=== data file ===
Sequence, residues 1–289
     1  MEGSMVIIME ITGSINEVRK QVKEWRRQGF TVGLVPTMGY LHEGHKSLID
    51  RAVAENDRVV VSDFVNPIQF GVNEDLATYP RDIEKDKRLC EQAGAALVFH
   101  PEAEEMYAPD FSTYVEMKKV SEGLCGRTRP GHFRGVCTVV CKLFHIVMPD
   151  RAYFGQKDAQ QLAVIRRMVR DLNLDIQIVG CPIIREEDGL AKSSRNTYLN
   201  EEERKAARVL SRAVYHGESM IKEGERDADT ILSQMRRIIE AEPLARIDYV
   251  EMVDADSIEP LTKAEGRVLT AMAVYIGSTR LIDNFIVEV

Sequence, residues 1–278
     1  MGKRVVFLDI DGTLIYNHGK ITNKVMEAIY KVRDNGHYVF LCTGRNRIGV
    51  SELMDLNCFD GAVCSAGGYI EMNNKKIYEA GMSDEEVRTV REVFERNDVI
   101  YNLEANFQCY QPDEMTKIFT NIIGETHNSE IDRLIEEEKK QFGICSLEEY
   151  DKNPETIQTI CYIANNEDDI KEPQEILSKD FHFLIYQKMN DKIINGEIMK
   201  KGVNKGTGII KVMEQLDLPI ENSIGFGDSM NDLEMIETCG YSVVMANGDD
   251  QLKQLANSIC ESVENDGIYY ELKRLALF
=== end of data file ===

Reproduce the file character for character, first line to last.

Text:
Sequence, residues 1–289
     1  MEGSMVIIME ITGSINEVRK QVKEWRRQGF TVGLVPTMGY LHEGHKSLID
    51  RAVAENDRVV VSDFVNPIQF GVNEDLATYP RDIEKDKRLC EQAGAALVFH
   101  PEAEEMYAPD FSTYVEMKKV SEGLCGRTRP GHFRGVCTVV CKLFHIVMPD
   151  RAYFGQKDAQ QLAVIRRMVR DLNLDIQIVG CPIIREEDGL AKSSRNTYLN
   201  EEERKAARVL SRAVYHGESM IKEGERDADT ILSQMRRIIE AEPLARIDYV
   251  EMVDADSIEP LTKAEGRVLT AMAVYIGSTR LIDNFIVEV

Sequence, residues 1–278
     1  MGKRVVFLDI DGTLIYNHGK ITNKVMEAIY KVRDNGHYVF LCTGRNRIGV
    51  SELMDLNCFD GAVCSAGGYI EMNNKKIYEA GMSDEEVRTV REVFERNDVI
   101  YNLEANFQCY QPDEMTKIFT NIIGETHNSE IDRLIEEEKK QFGICSLEEY
   151  DKNPETIQTI CYIANNEDDI KEPQEILSKD FHFLIYQKMN DKIINGEIMK
   201  KGVNKGTGII KVMEQLDLPI ENSIGFGDSM NDLEMIETCG YSVVMANGDD
   251  QLKQLANSIC ESVENDGIYY ELKRLALF